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Drywall contractors are a specific class of tradesmen who are known as artisan contractors. Artisan contractors are usually smaller firms who provide specialty services in the building industry such as plumbers, roofers and electricians.
As a drywall contractor, you provide the finishing services for both commercial and residential interior walls. This service often includes taping the wall board joints and providing specialized texture applications or plastering as well.
Overall, the drywall contractor experiences a lower risk potential for insurers than other artisan contractors, however risks still do exist. Wall board is heavy and awkward to handle as it is supplied in four foot by eight. This requires the use of specialized equipment to hoist the material into position and hold it in place while it is fastened to the interior studs or joists in the structure. It requires a fair amount of ladder and scaffold work as well. The risk of falling tools, equipment or individuals is ever present as is the possibility of equipment failure. This may result in property damage and/or injury. To protect against these possibilities you need to obtain drywall Contractors insurance.
As such, the drywall contractor must consider the purchase of a number of types of insurance that will protect their business. The principal type of insurance for this purpose in the commercial general liability insurance policy.
This form of insurance protects the business from three basic forms of liability. They will serve as a basis for other types of insurance such as:
Premises and Operations coverage
The first liability that a commercial general liability policy will cover is known as Premises and Operations coverage.
The owner or tenant of a building may be held liable for damages if a member of the public is injured, or if property of others is damaged because of a condition in or arising out of the premises. The same is true for your location of operations, otherwise known as the job site.
Job sites are often populated with people who are not working specifically on site. Realtors, bank inspectors, neighborhood kids can all wander onto a job site. They place themselves at risk before anyone can prevent it. Should their property be damaged or should they become injured in some way, the liability will flow to the person or persons who have the contracts to perform work there.
Should a worker damage a vehicle while moving material, this policy provision will cover that damage. If a carelessly laid tool or piece of equipment cause injury to someone not working for you, again Premises and Operations will have you covered.
Products and Completed Operation
The second part of the commercial general liability policy that helps to protect against problems arising out of the work you actually perform.
In construction, products don’t play as big a role since these aren’t manufacturing operations. However completed operations can be a big risk. This coverage comes into play after you have completed the job and something goes wrong. Should the joint compound you used on a job begin to degrade and fail after a few months, Products and Completed Operations will provide coverage for the repair.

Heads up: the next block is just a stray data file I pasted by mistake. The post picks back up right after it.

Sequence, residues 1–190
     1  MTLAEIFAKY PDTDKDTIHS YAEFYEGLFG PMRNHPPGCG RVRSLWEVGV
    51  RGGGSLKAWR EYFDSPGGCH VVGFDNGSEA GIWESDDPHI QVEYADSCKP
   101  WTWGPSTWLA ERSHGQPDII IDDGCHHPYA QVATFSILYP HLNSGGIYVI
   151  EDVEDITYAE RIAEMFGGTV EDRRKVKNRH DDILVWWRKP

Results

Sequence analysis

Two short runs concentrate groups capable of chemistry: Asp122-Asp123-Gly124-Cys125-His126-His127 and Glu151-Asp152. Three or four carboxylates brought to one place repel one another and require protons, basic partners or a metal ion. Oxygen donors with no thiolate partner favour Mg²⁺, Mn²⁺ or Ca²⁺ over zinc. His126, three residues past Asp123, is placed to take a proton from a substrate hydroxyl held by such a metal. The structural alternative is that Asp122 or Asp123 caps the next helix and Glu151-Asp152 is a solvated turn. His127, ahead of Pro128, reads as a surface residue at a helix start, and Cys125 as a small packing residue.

Also included in Products and Completed Operation is what is known as Personal/Advertising Injury. What this covers are slander and libel claims that may be made based on advertising. Even worker conversations that cause perceived harm to any individual or company that may file a claim.
Obscure areas of risk covered too are:
- Unauthorized use of another’s advertising ideas
- Copyright infringement
- And malicious prosecution
Medical Payments For Artisans
The last area of coverage provided by a commercial general liability policy is /general-contractors-insurance/. This differs from the coverage provided under Premises and Operations coverage. This provides limited coverage for medical payments and includes payments for injuries sustained by a non-employee that is caused by an accident that takes place on the insured’s premises or on a job site.
This type of coverage can be triggered without legal action and provides for prompt settlement of smaller medical claims without litigation. It pays for any necessary and reasonable medical, surgical, ambulance, hospital, professional nursing and funeral expenses for a person injured or killed in an accident taking place at the insured’s premises or arising from business operations.
There is no defense or legal liability coverage in Medical Payments as there is with Premises and Operations and Products and Completed Operations since coverage is provided on a no-fault basis.
How Much Does Insurance for Drywall Contractors Cost?
In total, a commercial general liability policy is a prudent and necessary part of business management for the artisan contractor. Especially one who understands the risks involved in providing specialty construction services such as drywall installation and finishing. Just because this particular specialty is relatively low risk, doesn’t mean that those risks should be ignored. The good news for drywall contractors is that since are relatively low in this line of work. Your insurance premiums will reflect that and therefore be more affordable than other, riskier, endeavors.
More About Artisan Contractors Commercial General Liability?
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